5) Syria – Department of Defense Should Investigate Civilian Casualties. In July a US-led military coalition officially recognized that its 2017 aerial bombardments killed 77 civilians in Raqqa. Amnesty International urges the Pentagon to follow up on those findings and investigate more broadly all claims of civilian casualties caused by the Raqqa offensive, as well as by all U.S. military operations going forward. Daphne Eviatar, Amnesty International Director of Security with Human Rights said, “Victims and survivors in Raqqa are living with the unimaginable pain of having lost their loved ones with no explanation for the cause of their deaths and no accountability. The Department of Defense should now work with the Coalition to conduct independent and impartial investigations and provide reparations to victims and families of victims.”

6) Kenya – Amnesty International Presses Presidents on Human Rights Record. Ahead of their August 27 meeting at the White House, Amnesty International advised President Trump and President Kenyatta to discuss pressing human rights concerns. Executive Directors from AIUSA and AI Kenya asked the Presidents to support efforts to protect refugees and indigenous communities, protect civic space for citizens and civil society organizations in Kenya, hold security forces and other government agencies accountable for abuse, and for the U.S. to more thoroughly investigate international drone strikes.

7) Mauritania – Trump Administration Should Halt the Deportation of Asylum Seekers. Amnesty International calls on the Trump Administration to stop deporting, without fair consideration for their claims of protection, Mauritanians who have sought refuge and safety in the U.S. A March report estimates that in 2016 up to 43,000 Mauritanians were living in slavery. The Mauritanian government has arrested journalists, anti-slavery protesters, and other opposition activists in a crackdown on dissent. Adotei Akwei, Africa Advocacy Director said, “The deportation of individuals back to an environment where they risk possible enslavement shows disdain for their human dignity and basic human rights and a complete violation of international law that flies in the face of decades of US traditions.”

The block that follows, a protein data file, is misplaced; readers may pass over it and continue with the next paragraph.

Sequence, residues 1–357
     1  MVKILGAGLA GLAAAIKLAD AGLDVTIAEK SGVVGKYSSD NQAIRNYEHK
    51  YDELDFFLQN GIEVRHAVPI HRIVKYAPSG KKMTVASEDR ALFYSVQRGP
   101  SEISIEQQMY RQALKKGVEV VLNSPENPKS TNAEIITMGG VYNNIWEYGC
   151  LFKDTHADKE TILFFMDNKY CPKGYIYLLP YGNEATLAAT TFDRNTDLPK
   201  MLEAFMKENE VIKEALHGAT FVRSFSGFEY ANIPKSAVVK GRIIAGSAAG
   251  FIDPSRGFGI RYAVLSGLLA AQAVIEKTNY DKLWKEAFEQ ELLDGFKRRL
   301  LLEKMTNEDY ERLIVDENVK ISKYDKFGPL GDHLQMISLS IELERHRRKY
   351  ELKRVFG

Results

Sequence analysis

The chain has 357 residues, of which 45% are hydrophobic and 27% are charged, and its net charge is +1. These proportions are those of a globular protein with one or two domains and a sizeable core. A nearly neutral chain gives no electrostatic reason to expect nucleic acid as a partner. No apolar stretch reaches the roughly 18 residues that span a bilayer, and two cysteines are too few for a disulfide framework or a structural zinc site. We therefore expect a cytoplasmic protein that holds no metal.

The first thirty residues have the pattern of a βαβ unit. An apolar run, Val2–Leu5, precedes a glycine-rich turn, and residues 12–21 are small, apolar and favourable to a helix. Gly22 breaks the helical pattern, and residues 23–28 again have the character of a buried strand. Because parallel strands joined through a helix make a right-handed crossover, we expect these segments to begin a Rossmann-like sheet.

8) Amnesty International Calls for Global Ban on Autonomous Weapons Systems. On August 14 Amnesty International sent a letter to Secretary Mattis and Secretary Pompeo calling for a pre-emptive ban on the development, production, and use of autonomous weapons systems. An Amnesty International report documents that fully autonomous weapons systems are incompatible with international human rights law, because they can select, attack, kill and wound human targets. Congress should support a ban on autonomous weapons systems because of human rights concerns.

9) Argentina – Senate Fails to Protect Women’s Reproductive Rights. On August 9 the Argentinian Senate voted against legalizing abortion for pregnancies up to 14 weeks. An estimated 500,000 clandestine abortions are performed annually and cause 30 percent of maternal deaths in Argentina. Hundreds of thousands of activists took to the streets in Buenos Aires and in cities around the world to show solidarity with Argentine women. Although the Senate vote was a major disappointment, it represents a stepping stone, not a setback in the fight for women’s rights in Argentina and Latin America.

10) Amnesty International Urges Co-Sponsorship of International Violence Against Women Act. The International Violence Against Women Act (“IVAWA”) prioritizes ending violence against women and girls as a part of U.S. foreign policy. Amnesty International calls on Congress to support the IVAWA (S. 2120 and H.R. 5034). One in three women will experience violence in her lifetime. About 130 million girls and women worldwide have suffered genital mutilation. Each year, two million girls under 15 years old are sold or coerced into prostitution. IVAWA is a budget-neutral bill that would establish a clear Global Strategy on how to combat violence, make the Office of Global Women’s Issues a permanent fixture in the State Department, develop comprehensive Country Plans, and lead to regular reports and briefs for Congress on violence against women and U.S. efforts to prevent it.

11) Upcoming Events – Amnesty Country Directors Will Visit Washington, D.C. On September 24 Amnesty International will hold a Hill briefing featuring Amnesty Directors of Argentina, Kenya and Ukraine. In addition, they will be joined by Amnesty Directors from Burkina Faso, Hungary, and Israel who will be in Washington, D.C. September 24-25. If you would like to schedule a meeting with any of the Amnesty Country Directors, please contact Meredith Cullen at [email protected].

For more information, please contact:

Africa: Adotei Akwei [email protected]

Asia: Francisco Bencosme [email protected]

Eurasia: Daniel Balson [email protected]

Gender: Tarah Demant [email protected]

Nat Security: Daphne Eviatar [email protected]

Crim justice: Krissy Roth [email protected]

Hum rights defenders: Andrew Fandino [email protected]

Refugees: Ryan Mace [email protected]

Gun violence: Zeke Johnson [email protected]

All other issues: Joanne Lin [email protected]

To view PDF version click here:Human Rights on Capitol Hill – September 2018